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Try to stream the Les Miserables album in China and you’re likely to find it two songs short. “Do You Hear the People Sing?” and its reprise are missing from multiple albums on QQ Music, one of the country’s biggest streaming sites. The song, about Parisians rebelling against their venal rulers, has been scrubbed from the original London cast recording. It has also vanished from the 10th and 25th anniversary albums and from the soundtrack of the 2012 film adaptation.

Beijing’s censors are closely monitoring Hong Kong, where pro-democracy protesters began marching in June. The crowds first took to the streets in frustration over an extradition bill that, if passed, would have allowed authorities to detain and extradite individuals wanted by the mainland. Under the 1997 agreement with the UK to transfer sovereignty of the former British colony to China, the Communist government is supposed to adhere to a “one country, two systems” policy, under which Hong Kong retains a high degree of autonomy. The territory has an independent legal system and police force. But its chief executive, Carrie Lam, is pro-Beijing. The protesters, fearful for their rights, want her gone.

They have marched all summer. Many protests were peaceful, but some have turned violent and there have been allegations of police brutality. Music permeates them all; the crowds sing hymns and chants as they wield umbrellas, their symbol of protest. “Do You Hear…” can be heard in the city’s streets and along the Tsim Sha Tsui promenade. When the demonstrators seized control of Hong Kong’s airport in August it was this tune they sang, sitting cross-legged on a terminal floor.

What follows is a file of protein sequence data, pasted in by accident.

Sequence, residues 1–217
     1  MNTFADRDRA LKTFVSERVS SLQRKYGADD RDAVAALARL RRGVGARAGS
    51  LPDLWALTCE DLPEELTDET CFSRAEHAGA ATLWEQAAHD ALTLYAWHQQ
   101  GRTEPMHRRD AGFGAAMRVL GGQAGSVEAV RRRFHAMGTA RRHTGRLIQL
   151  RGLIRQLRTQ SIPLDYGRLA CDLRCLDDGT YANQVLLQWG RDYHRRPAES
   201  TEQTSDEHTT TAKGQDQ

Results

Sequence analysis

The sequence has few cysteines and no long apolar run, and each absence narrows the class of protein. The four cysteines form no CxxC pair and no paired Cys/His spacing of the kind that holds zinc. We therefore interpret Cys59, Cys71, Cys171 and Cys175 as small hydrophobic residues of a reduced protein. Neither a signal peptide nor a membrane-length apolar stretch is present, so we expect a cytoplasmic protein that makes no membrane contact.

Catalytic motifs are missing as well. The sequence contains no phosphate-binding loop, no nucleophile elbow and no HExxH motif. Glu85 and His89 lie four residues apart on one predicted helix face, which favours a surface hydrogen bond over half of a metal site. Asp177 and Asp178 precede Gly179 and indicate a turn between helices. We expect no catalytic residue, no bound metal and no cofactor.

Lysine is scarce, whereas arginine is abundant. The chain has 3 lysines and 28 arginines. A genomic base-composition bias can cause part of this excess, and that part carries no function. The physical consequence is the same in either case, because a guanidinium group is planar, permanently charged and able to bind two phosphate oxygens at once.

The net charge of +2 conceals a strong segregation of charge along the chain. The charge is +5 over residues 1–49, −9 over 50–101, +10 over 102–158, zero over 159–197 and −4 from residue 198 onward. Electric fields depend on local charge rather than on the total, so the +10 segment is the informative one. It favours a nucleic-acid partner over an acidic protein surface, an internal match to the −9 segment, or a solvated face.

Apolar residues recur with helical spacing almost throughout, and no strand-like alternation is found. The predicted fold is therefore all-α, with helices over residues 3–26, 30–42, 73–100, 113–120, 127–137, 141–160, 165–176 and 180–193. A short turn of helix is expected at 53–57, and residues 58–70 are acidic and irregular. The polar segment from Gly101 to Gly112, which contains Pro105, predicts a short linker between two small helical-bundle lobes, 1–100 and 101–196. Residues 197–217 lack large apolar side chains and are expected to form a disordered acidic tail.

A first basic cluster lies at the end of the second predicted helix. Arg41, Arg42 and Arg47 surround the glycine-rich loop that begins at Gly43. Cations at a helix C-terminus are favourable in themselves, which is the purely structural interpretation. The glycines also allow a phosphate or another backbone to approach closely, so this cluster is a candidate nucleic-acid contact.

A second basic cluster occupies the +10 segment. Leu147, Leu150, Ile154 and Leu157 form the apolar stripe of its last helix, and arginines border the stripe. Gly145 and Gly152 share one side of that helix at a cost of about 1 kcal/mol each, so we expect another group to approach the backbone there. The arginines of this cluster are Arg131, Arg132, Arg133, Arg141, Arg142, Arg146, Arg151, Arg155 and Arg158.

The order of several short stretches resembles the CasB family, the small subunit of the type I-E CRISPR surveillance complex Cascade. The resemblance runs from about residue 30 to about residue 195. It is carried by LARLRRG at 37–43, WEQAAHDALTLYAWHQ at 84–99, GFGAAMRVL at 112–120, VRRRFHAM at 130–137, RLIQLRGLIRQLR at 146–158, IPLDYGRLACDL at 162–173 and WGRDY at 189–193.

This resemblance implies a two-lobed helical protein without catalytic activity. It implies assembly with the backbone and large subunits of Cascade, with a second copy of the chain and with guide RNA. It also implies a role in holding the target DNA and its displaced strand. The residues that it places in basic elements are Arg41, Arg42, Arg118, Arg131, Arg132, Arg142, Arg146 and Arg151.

For lovers of the musical, the tune may seem an odd choice for a protest song. On stage, “Do You Hear…” is an anthem of rage and hope. But it is also a cry from the losing side.

The stage adaptation is based on Victor Hugo’s novel, which in turn was inspired by the Paris Uprising of 1832. During the June rebellion, 3,000 protesters tried to overthrow King Louis-Philippe’s government. Initially, they seized control of the funeral cortege of a well-loved general. It is this scene, in the musical, which sees the cast rallying, booming “Do You Hear…” from all corners of the stage.

For a night, the rebels were in control of several areas of Paris, where they built barricades and shouted about supping in the Tuileries Palace. They lasted less than 48 hours, after which the National Guard moved in. Without both book and show, it’s possible they would go unremembered by anyone, bar historians.

Hugo’s book champions the ordinary people of 19th-century Paris. It examines poverty and social misery and builds to the rebellion, which serves as its climax. There are low points; before the barricades, readers have to put up with endless digressions, including several pages on Paris’s sewer system. The novel was published in 1862 and was critically panned but a commercial success, its sentimentality striking a note with the public.

The book led to the musical, which was first performed in French and staged in Paris in 1980, at the Palais des Sports. An English version followed five years later, produced by Cameron Mackintosh, who asked Herbert Kretzmer to adapt the lyrics.